Nothing stays the same for long when we’re talking about technology. Each new version of the iPhone only stays shiny and new for about six months. When that honeymoon period is over, attention turns to the next version of the hardware. The same is true of the software that runs on that iPhone, and also on your iPad and any other Apple hardware you might have. The latest version of iOS is no different.
If you’ve read anything in the news recently about the latest version of the operating system, which is currently in beta testing ahead of a planned release in either September or October, it might be to do with emojis. It probably says a lot about the state of the world that people are getting more upset about supposedly controversial emojis than they are about the technical changes brought about by the new software, but that’s not the focus of our website or our article. Instead, we want to talk about a change that might affect the way you browse the internet on your iPhone or iPad.
Reviews are already in from some developers and users who have been fortunate enough to take part in beta testing for Apple. They've spoken in favour of new features like "focus tools" for study and reading and new content-sharing capabilities within FaceTime. However, they're far less enamoured with the latest version of Safari. The long-serving browser has been substantially altered in both iOS 15 and the latest version of macOS, and the changes haven’t gone down well. In fact, we’ve seen a few users say that the browser has been totally ruined. So many changes have been made - many of which appear to lack a clear purpose - that it no longer feels the same as the browser we’ve been using for the past fifteen years or more.
The first thing you're likely to notice about the latest version of Safari (when you eventually get your hands on it) is that all the menu options that used to be at the top of the screen are now at the bottom. Years of going to the top of the screen to find the options have hardwired us to expect to find them there, so that's going to be a difficult habit to unlearn. To make matters worse, the change is only surface deep for some functions. As an example, pressing the web address bar at the bottom of the screen will re-open it at the top before you can type anything into it. That's both confusing and untidy. Apple says that the change will make the interface faster to use because customers no longer have to trail their fingers to the top of their screens to find options, but we're talking about a saving of microseconds. Any such time saving will surely be outweighed by the time it takes to adapt to the change.
There’s a feeling among reviewers that the Safari app has been redesigned with minimalism in mind. Minimalism has been a growing trend online for several years, but it works for some websites and apps better than others. Online slots apps and websites do well with minimalism because a minimalistic design allows customers to focus on the range of online slots they offer without any distractions. A well-designed Online Slots IE site will hide any non-gaming content in the side or top menus to accommodate as much gaming space as possible. That's a fine approach when you have something to sell, but Safari doesn't. A web browser is not an online slots website. Hiding most of the menu options doesn't achieve anything other than frustrating users. One of the most common complaints we've seen from beta testers is that Safari doesn't have any new features - the changes have simply made the features it already had more difficult to find and interact with. That can't have been the objective of Apple's designers.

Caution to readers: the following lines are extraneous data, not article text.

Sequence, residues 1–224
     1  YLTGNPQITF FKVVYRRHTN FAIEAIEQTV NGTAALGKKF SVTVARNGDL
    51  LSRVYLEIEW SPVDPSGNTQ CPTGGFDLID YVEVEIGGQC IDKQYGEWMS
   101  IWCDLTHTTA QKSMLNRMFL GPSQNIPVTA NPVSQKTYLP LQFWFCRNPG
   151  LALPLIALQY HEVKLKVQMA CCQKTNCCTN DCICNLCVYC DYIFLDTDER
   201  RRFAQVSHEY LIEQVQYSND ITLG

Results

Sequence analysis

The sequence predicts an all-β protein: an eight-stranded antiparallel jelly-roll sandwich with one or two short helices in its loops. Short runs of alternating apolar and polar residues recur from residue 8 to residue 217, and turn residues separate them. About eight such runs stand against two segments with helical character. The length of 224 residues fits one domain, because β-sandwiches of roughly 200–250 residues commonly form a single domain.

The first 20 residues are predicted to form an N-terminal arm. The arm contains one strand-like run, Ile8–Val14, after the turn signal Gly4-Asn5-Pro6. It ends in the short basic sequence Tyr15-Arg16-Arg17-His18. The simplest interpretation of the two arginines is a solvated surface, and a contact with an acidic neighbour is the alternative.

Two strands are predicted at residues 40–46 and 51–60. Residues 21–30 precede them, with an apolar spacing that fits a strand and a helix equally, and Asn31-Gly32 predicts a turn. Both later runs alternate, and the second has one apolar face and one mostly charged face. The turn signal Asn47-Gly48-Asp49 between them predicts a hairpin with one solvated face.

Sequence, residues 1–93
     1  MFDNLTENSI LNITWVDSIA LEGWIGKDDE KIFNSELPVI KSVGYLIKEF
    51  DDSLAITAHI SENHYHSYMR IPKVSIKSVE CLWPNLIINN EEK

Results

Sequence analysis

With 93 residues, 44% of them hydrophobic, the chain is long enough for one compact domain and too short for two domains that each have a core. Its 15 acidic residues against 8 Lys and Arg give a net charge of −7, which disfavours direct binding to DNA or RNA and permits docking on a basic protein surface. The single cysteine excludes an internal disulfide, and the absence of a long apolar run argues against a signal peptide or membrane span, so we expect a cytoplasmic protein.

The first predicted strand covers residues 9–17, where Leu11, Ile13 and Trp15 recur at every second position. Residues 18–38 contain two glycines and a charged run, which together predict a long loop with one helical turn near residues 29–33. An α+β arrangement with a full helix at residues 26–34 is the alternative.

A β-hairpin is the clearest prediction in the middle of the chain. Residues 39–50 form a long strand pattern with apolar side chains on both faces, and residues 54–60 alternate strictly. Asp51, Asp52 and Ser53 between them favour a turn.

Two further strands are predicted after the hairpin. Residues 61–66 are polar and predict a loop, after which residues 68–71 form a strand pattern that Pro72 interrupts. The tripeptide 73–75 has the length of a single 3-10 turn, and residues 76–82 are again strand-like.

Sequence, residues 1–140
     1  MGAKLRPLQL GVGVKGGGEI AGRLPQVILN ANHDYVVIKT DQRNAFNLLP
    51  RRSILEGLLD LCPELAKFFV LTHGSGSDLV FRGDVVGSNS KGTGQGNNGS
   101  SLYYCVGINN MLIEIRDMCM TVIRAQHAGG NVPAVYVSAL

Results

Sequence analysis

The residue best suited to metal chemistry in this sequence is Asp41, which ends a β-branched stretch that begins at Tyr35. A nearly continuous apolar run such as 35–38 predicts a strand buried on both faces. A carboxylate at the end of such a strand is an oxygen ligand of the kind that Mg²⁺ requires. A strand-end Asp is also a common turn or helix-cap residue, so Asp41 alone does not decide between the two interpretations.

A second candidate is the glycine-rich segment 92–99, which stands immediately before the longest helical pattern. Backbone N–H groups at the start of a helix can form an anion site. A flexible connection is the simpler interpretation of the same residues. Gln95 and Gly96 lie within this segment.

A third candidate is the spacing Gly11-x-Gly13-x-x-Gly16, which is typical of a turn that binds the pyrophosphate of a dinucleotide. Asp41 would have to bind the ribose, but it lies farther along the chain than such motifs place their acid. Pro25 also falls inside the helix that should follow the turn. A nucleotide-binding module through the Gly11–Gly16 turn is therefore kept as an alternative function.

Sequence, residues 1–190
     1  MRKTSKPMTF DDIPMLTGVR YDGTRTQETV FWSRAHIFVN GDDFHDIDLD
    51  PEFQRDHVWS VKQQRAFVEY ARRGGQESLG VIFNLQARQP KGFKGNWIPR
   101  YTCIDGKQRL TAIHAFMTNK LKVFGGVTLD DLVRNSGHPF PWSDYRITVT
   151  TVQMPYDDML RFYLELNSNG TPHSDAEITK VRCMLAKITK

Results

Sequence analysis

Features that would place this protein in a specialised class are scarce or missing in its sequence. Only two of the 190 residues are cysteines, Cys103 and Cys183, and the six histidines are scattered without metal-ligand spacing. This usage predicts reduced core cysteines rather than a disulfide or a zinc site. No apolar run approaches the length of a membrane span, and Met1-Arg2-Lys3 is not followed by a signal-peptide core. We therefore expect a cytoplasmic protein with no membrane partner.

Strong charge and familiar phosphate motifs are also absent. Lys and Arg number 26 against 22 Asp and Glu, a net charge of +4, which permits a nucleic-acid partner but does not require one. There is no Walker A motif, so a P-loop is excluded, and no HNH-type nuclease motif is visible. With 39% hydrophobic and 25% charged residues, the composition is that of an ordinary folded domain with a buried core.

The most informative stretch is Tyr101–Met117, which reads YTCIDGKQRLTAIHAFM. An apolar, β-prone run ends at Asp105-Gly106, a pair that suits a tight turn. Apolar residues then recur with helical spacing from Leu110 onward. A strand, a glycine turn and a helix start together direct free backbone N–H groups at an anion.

In recent days there have been signs that Apple has heard the complaints and is working to address them. The most recent beta version (beta 3) keeps the web address bar directly above the keyboard rather than relocating it to the top of the screen. That's a mild improvement but doesn't address the concerns of those who would rather it had never been moved from the top of the screen at all. Betas 1 and 2 combined the URL and tab bars into one, but beta 3 separates them again. In doing so, though, it's made the tabs far bigger than they used to be, thus taking up a significant amount of screen space. It feels almost as if Apple intended this to be a major change for Safari, but they're cutting back one change at a time in response to feedback. There are still three months to go before iOS 15 and the new version of Safari are released to the general public, but for now, there's a concern that what we might end up with is a botched version of the app full of half-abandoned changes and useful features hidden away in places that aren't user-friendly.
This isn't the only curious app change we've seen in recent days. The new version of Apple's Weather App comes with an interesting quirk, too. If the temperature reaches sixty-nine degrees, the app will skip past the number and move straight to seventy. This is apparently because the number sixty-nine has "rude connotations," and Apple would rather avoid people taking screenshots of the rude number than give customers the correct temperature. This seems both prudish and unnecessary and makes us wonder what our phones will tell us if we ever have sixty-nine unread messages or emails. Apple is yet to respond to requests for comment on this matter, so it might be something else that gets undone before the final version of the app comes out.
We should give Apple some leeway here. The whole point of betas is to test new ideas and then either keep them or do away with them, depending on audience feedback. Bad ideas are inevitable as part of that process, and Apple is allowed to have bad ideas so long as they don't push them on their entire customer base. It's to be hoped that when iOS 15 goes live, it will come without the need for us to learn how to use the internet again.